In its meeting of Thursday 5th July 2012 the International Football Association Board (IFAB), the body which determines the laws of the game, approved both goal-line technologies GoalRef and Hawk-Eye.This approval is subject to a final installation test at each stadium before the systems can be used in “real” football matches, in accordance with the FIFA Quality Programme for GLT.
FIFA, football’s world governing body, and a member of the IFAB has decided to use both goal-line technology systems from GoalRef and Hawk-Eye at the FIFA Club World Cupin Japan in December this year. The GoalRef system was developed by researchers from the Fraunhofer Institute for Integrated Circuits IIS. "The technology works in a similar way to that of the theft protection of a department store," explained René Dünkler, spokesman of the GoalRef project. Ten antennae behind the goalpost and crossbar create and monitor a weak magnetic field. As soon as the ball nears the goal-line the field is influenced by thin spools in the football. A processor is then able to determine, by means of the antenna signal, whether the ball fully crossed the goal-line or not.
"GoalRef is a bit like an invisible curtain which hangs behind the crossbar and the goal-line. As soon as the ball fully passes through this "curtain", it is recognised as a goal," says Ingmar Bretz, project head of GoalRef. The system then automatically sends this information in real time via encoded radio signals to the referees whose special wrist watches display the result visually and by means of vibration.
The IFAB investigated the possible use of technical aids after several incorrect rulings including the disallowed goal for England in the game against Germany in the 2010 World Cup. Eight goal-line technology systems were initially tested for the International Football Association Board last November and December. The evaluation criteria were compiled by the Swiss Federal Laboratories for Materials Science and Technology (EMPA). Only two systems managed to qualify for the next test phase with this set of criteria – including GoalRef from the Fraunhofer Institute for Integrated Circuits IIS in Erlangen.
In the second test phase the independent testers of the EMPA put both systems through rigorous tests in the laboratory as well as in field tests, training and live professional matches. Several thousand goals were evaluated for each system to test the reliability and also whether the referees receive prompt notification. These extensive tests were successfully passed by the GoalRef system.
"In the test and test matches we used the ball of our development partner of many years, the Danish manufacturer Select," explained René Dünkler. Peter Knap, CEO of Select and Derbystar: "The challenge was to develop a ball which could withstand even a shot from Ronaldo and, at the same time, communicate with the intelligent goal." The iball is also available under the name Derbystar. In the future balls from other manufacturers will also be able to use the GoalRef technology.
René Dünkler | Fraunhofer-Institute
Stanford researchers create new special-purpose computer that may someday save us billions
21.10.2016 | Stanford University
New 3-D wiring technique brings scalable quantum computers closer to reality
19.10.2016 | University of Waterloo
Researchers from the Institute for Quantum Computing (IQC) at the University of Waterloo led the development of a new extensible wiring technique capable of controlling superconducting quantum bits, representing a significant step towards to the realization of a scalable quantum computer.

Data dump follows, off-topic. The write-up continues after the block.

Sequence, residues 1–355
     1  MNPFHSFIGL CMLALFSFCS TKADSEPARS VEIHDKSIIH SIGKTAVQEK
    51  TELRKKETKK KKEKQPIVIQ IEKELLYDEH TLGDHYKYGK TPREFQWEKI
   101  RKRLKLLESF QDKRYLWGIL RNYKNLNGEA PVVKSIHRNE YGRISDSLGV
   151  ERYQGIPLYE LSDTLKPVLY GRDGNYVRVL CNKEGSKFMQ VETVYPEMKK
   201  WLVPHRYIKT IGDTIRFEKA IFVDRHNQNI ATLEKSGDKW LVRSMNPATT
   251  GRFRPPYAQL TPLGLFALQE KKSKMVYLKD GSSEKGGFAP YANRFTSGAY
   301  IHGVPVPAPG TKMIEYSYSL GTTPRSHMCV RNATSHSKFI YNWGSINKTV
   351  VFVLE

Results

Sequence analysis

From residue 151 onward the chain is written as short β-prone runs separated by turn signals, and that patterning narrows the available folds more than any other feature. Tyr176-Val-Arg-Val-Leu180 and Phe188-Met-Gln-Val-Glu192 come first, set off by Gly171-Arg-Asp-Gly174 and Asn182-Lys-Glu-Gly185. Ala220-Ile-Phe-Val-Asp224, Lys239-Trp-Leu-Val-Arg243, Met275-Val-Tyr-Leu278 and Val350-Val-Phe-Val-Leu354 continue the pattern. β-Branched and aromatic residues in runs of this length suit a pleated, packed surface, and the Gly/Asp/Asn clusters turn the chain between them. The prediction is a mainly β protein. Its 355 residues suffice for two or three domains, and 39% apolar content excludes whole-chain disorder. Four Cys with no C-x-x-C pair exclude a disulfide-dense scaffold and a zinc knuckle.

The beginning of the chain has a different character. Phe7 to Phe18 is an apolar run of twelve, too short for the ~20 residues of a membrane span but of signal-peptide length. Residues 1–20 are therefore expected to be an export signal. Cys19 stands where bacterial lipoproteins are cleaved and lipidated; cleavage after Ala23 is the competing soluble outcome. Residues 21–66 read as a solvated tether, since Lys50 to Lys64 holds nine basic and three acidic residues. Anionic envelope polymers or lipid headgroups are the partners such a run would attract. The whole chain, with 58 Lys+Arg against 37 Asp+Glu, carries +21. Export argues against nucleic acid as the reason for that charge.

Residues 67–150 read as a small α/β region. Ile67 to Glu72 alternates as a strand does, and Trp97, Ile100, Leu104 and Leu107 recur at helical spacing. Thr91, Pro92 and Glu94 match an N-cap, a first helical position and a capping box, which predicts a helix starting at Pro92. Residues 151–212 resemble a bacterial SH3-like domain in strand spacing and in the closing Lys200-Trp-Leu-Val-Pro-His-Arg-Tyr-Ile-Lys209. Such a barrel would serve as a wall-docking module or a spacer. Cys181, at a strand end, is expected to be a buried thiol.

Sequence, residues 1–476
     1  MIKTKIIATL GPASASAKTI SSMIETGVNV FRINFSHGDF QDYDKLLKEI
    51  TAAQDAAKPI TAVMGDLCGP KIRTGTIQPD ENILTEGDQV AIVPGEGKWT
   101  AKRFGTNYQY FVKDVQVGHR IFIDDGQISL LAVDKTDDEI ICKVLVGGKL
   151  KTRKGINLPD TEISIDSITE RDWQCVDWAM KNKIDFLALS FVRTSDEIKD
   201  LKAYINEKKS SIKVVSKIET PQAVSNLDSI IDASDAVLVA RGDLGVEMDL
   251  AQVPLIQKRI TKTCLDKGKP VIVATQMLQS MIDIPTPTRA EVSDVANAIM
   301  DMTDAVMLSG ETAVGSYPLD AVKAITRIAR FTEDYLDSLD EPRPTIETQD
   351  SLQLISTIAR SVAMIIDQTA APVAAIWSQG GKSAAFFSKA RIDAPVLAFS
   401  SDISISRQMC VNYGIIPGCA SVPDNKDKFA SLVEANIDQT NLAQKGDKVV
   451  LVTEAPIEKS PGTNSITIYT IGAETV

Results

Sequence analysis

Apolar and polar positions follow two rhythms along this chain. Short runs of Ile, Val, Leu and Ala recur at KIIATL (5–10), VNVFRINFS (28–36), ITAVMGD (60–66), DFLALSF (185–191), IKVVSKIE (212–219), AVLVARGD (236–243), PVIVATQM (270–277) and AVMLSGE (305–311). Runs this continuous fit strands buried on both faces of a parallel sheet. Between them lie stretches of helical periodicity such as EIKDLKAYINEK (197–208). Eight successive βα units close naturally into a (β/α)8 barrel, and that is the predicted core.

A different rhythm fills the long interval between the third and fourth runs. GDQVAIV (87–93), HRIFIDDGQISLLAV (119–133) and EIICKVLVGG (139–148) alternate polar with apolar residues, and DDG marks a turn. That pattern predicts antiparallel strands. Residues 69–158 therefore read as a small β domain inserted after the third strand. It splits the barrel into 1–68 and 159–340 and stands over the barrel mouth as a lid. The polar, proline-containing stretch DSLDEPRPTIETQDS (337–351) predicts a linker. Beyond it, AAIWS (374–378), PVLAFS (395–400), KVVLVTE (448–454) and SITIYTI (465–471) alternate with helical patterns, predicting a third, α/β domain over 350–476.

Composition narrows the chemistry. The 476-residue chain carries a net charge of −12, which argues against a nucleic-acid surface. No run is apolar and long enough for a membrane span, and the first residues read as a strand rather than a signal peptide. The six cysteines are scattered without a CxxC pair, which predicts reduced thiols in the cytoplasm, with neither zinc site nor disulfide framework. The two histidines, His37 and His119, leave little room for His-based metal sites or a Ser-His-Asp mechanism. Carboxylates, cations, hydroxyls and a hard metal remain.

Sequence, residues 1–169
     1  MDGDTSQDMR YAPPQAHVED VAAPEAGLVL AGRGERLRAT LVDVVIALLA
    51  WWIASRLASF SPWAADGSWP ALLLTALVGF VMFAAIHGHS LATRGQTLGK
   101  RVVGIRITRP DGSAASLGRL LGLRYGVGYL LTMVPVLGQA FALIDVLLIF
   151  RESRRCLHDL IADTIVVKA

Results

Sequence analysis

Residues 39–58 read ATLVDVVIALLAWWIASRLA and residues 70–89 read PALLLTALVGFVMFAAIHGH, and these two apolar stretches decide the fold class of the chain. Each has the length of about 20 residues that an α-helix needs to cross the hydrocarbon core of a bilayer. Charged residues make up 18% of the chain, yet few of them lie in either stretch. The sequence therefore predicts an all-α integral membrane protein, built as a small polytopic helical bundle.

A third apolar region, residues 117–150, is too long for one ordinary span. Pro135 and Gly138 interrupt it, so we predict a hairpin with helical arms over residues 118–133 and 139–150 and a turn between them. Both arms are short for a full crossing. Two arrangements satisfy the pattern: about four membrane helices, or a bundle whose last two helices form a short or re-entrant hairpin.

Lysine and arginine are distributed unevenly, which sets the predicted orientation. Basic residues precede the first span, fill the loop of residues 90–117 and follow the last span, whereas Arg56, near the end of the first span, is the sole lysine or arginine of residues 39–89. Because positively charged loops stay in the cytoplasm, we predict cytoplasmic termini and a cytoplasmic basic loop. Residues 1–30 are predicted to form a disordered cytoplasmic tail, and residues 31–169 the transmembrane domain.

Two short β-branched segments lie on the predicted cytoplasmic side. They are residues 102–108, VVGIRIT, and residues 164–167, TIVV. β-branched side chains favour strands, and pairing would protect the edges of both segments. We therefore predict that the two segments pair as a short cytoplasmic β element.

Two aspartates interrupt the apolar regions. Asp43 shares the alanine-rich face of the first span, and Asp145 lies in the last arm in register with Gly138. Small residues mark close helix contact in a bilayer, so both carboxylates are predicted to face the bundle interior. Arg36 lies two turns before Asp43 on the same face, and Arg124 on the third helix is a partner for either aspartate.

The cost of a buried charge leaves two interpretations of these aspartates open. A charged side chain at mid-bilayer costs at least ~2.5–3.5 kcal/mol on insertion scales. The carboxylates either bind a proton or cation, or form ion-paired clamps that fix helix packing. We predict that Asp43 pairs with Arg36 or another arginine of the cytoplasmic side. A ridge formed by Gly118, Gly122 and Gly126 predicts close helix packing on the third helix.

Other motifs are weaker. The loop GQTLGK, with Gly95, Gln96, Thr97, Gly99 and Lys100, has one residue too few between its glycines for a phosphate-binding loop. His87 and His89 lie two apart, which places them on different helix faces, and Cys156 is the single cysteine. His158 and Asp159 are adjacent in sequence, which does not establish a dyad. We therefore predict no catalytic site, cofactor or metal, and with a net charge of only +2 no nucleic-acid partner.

"The quantum socket is a wiring method that uses three-dimensional wires based on spring-loaded pins to address individual qubits," said Jeremy Béjanin, a PhD...
In a paper in Scientific Reports, a research team at Worcester Polytechnic Institute describes a novel light-activated phenomenon that could become the basis for applications as diverse as microscopic robotic grippers and more efficient solar cells.
A research team at Worcester Polytechnic Institute (WPI) has developed a revolutionary, light-activated semiconductor nanocomposite material that can be used...
By forcefully embedding two silicon atoms in a diamond matrix, Sandia researchers have demonstrated for the first time on a single chip all the components needed to create a quantum bridge to link quantum computers together.
"People have already built small quantum computers," says Sandia researcher Ryan Camacho. "Maybe the first useful one won't be a single giant quantum computer...
COMPAMED has become the leading international marketplace for suppliers of medical manufacturing. The trade fair, which takes place every November and is co-located to MEDICA in Dusseldorf, has been steadily growing over the past years and shows that medical technology remains a rapidly growing market.
In 2016, the joint pavilion by the IVAM Microtechnology Network, the Product Market “High-tech for Medical Devices”, will be located in Hall 8a again and will...
'Ferroelectric' materials can switch between different states of electrical polarization in response to an external electric field. This flexibility means they show promise for many applications, for example in electronic devices and computer memory. Current ferroelectric materials are highly valued for their thermal and chemical stability and rapid electro-mechanical responses, but creating a material that is scalable down to the tiny sizes needed for technologies like silicon-based semiconductors (Si-based CMOS) has proven challenging.
Now, Hiroshi Funakubo and co-workers at the Tokyo Institute of Technology, in collaboration with researchers across Japan, have conducted experiments to...
14.10.2016 | Event News
14.10.2016 | Event News
12.10.2016 | Event News
21.10.2016 | Health and Medicine
21.10.2016 | Information Technology
21.10.2016 | Materials Sciences